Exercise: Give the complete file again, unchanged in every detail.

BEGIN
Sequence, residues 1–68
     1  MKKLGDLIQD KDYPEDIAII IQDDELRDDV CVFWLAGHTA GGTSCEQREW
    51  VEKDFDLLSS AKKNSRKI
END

Sequence, residues 1–68
     1  MKKLGDLIQD KDYPEDIAII IQDDELRDDV CVFWLAGHTA GGTSCEQREW
    51  VEKDFDLLSS AKKNSRKI